If you could sit at the feet of the Pulp Masters to learn - would you?
This is a compilation of notes I had left over from research into how those prolific authors of old made a good living from writing - well before the Internet and word-processors.
I got into studying the pulp-magazine era authors with Lester Dent while I was studying the conventional wisdom of "plotting”. Then I found more and more authors who had thrived during those early years and became Brand Name authors that we all grew up with - or at least can discover now.
This last find, of H. Bedford-Jone's “This Fiction Business” is so conclusive that very little else is needed. There, he tells the variety of issues that authors of his day encountered.
This book is a companion piece to that book and so doesn't need to repeat any of his jocular description of how he made a very good living writing and selling stories during that age.
But you'll find many other authors have some advice that might prove very valuable in streamlining your own production and hitting their "million words a year" output.
Author's excerpts you'll find in this book:
William Wallace Cook, Erle Stanley Gardner, Scott Meredith, Algis Budrys, Lester Dent, Nelson S. Bond, Michael Moorcock, Dorothea Brande, H. Bedford-Jones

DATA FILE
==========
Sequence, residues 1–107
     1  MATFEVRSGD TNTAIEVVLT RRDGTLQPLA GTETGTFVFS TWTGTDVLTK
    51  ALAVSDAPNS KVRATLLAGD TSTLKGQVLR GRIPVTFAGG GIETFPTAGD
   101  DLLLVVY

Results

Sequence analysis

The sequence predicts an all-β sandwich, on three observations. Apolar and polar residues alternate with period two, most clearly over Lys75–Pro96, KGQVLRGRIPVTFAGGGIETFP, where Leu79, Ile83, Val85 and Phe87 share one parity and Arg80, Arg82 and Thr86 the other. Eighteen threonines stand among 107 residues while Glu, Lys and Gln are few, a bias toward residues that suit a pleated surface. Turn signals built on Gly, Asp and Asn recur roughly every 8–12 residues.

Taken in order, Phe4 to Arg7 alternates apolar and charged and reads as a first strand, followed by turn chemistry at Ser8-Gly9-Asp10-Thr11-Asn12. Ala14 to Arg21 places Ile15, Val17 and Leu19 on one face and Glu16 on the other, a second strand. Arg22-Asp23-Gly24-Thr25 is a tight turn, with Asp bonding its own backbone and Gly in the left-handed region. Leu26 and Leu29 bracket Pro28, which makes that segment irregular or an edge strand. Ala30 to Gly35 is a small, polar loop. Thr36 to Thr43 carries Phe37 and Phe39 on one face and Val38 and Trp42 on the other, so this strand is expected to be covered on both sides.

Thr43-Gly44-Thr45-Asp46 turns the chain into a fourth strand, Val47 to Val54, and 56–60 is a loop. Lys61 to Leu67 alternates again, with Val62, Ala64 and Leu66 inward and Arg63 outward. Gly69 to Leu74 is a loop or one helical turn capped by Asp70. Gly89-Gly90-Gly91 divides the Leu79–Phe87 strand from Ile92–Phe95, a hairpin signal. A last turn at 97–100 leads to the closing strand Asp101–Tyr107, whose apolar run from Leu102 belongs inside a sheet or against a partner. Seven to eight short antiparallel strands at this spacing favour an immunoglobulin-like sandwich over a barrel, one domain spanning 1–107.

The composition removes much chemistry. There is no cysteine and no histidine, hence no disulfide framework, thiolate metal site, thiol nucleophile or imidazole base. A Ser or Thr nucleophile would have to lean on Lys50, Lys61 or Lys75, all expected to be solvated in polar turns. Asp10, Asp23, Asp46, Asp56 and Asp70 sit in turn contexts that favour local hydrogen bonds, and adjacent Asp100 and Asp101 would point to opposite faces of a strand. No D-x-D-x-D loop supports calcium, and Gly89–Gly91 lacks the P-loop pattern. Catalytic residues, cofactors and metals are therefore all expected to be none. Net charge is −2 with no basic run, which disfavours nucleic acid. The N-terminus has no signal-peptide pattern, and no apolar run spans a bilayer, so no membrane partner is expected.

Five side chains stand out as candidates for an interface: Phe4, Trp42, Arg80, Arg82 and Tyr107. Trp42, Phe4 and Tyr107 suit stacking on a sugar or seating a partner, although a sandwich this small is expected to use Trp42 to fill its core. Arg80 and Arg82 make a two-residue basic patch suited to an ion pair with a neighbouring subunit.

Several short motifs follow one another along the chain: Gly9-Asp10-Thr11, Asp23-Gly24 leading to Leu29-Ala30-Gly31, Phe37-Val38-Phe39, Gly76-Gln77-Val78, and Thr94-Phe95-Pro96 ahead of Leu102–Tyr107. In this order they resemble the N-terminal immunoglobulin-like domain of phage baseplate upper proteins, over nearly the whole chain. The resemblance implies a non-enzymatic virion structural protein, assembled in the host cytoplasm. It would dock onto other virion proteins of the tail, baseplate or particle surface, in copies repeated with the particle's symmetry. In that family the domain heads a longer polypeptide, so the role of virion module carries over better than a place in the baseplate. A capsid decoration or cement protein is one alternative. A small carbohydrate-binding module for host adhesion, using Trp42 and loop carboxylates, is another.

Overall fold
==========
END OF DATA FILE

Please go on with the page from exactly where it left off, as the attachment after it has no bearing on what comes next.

I sat out at the beginning of 2018 to write fiction short stories every week, following the footsteps of Louis L’Amour, Jack London, Mary Roberts Rinehart, Robert Heinlein, Ray Bradbury, and many others. Their general consensus was that achieving the target of 50 short stories was the first step.
I ended up finding that writing at the million-word-per-year level of Erle Stanley Gardner and H. Bedford-Jones (as well as several other pulp-method writers from the 20’s to 50’s) is actually easier than it seems. There are some caveats, but not very many
“No One School Has All the Teachers”
This is an old oriental saying (Japanese, if not even earlier) that describes the state of advice out there about how to write, as well as how to publish. I assembled 227 books on the writing craft, then narrowed these down to less than 20 worth really studying. But none of those had all the answers. They only had answers for themselves and their own production systems. And when I took their lessons and tested them, I only assembled a method of writing that worked for me.
You Can Only Compare Yourself With Yourself
Other people have what works for them. Getting down on yourself because you haven’t already cracked 6- or 7-figures of income helps no one. That is the typical problem with many courses about writing and publishing books – they keep touting the “million-dollar” results – and seldom tell about the quiet successes of people simply enjoying their writing and getting some income from it – enough to at least pay for their expenses (or not.) And I made about as much at the end of this year as I was at its beginning. Because I was working on the writing habit, not the income habit. (And these are both habitual mindsets you train in over time...)
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